Johnson & Johnson ($JNJ) has had enough with metal-on-metal and ceramic-on-metal hips, disclosing that it will leave those business lines entirely behind by the end of 2014.
Bloomberg reports that J&J says its decision doesn't stem from the 10,000 pending lawsuits the company faces regarding safety problems over its now-recalled ASR all metal hips. Rather, J&J told the news service that it is bailing from both product lines because of pending FDA regulations that will toughen the metal hip regulatory process, as well as plunging clinician use of the product class.
"There's really not a viable market for these bearing combinations anymore," J&J/DePuy spokeswoman Mindy Tinsley told Bloomberg (DePuy produces the company's replacement hips). Tinsley noted that metal-on-metal hip implant sales have plunged 90% since 2007 in both the U.S. and Europe.
And the company itself issued a statement on the matter, according to the article, noting that J&J's DePuy division is discontinuing both product lines because of the decline in usage, but also "proposed changes in the FDA regulation of the entire class of metal-on-metal products."
The thing is, safety problems relating to the company's ASR hips sparked a global recall, those 10,000-plus lawsuits we mentioned and helped increase regulatory scrutiny of every other competitor that makes all-metal implants that J&J cites. Still, while the market has plunged since 2007, hip implants and partial hip implants overall continue to be a (for now) stagnant but steady business, in large part because of a rising elderly population for whom hip implants can generally help.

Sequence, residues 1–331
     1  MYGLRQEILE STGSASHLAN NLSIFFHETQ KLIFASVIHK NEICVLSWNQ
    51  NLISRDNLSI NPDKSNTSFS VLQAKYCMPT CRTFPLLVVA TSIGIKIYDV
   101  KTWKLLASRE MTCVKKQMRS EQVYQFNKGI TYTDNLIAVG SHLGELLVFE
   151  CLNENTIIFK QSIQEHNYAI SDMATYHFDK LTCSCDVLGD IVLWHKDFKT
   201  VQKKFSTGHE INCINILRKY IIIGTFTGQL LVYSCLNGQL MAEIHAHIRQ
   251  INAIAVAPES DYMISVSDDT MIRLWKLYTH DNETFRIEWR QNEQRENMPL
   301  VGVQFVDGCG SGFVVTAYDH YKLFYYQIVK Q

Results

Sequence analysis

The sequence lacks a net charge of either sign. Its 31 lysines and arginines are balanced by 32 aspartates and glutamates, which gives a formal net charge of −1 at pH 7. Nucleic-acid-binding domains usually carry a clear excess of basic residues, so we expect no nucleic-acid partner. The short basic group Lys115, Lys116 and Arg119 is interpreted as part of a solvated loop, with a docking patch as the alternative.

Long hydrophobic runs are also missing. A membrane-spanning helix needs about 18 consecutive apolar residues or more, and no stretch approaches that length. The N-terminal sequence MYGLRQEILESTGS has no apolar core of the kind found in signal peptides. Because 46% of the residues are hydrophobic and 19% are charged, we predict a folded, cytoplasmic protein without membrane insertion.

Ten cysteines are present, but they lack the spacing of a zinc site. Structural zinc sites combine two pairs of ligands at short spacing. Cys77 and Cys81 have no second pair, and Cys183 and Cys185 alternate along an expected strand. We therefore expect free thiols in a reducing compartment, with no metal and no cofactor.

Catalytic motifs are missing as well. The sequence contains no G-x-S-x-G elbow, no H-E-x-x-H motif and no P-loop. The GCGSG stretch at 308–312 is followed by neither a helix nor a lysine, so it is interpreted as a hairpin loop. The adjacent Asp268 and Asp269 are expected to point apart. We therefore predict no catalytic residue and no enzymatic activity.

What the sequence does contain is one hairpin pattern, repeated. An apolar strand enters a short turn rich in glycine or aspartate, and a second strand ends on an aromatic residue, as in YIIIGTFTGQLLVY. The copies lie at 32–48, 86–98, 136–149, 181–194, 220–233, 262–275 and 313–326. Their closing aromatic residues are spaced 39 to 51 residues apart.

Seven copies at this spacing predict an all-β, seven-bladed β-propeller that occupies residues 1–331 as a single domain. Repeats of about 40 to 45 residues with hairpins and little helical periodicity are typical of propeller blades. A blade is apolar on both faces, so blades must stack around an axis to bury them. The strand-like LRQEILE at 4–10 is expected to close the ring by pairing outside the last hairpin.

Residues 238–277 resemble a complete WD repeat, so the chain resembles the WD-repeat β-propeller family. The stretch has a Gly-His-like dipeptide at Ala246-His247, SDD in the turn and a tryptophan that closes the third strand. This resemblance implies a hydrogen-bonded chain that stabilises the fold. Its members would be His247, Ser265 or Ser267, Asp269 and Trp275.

J&J told Bloomberg it will stop selling metal liners in the Ultimate Metal-on-Metal Articulation and the Complete Ceramic-on-Metal Acetabular Hip System by the end of August. The company will gradually wind down the sale of related products through 2014, according to the story. But J&J, the world's biggest maker of healthcare products, says it will continue to sell its Pinnacle Acetabular Cup System, plus hip replacement components other than metal (think ceramic and medical-grade plastic).
- here's the Bloomberg story
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